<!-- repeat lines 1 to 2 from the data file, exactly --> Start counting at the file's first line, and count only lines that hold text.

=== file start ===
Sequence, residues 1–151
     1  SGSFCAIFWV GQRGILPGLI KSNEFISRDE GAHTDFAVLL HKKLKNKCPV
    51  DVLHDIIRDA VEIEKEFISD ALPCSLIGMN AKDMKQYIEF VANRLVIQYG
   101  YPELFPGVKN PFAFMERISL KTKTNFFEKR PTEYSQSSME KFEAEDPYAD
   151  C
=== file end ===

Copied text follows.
Sequence, residues 1–151
     1  SGSFCAIFWV GQRGILPGLI KSNEFISRDE GAHTDFAVLL HKKLKNKCPV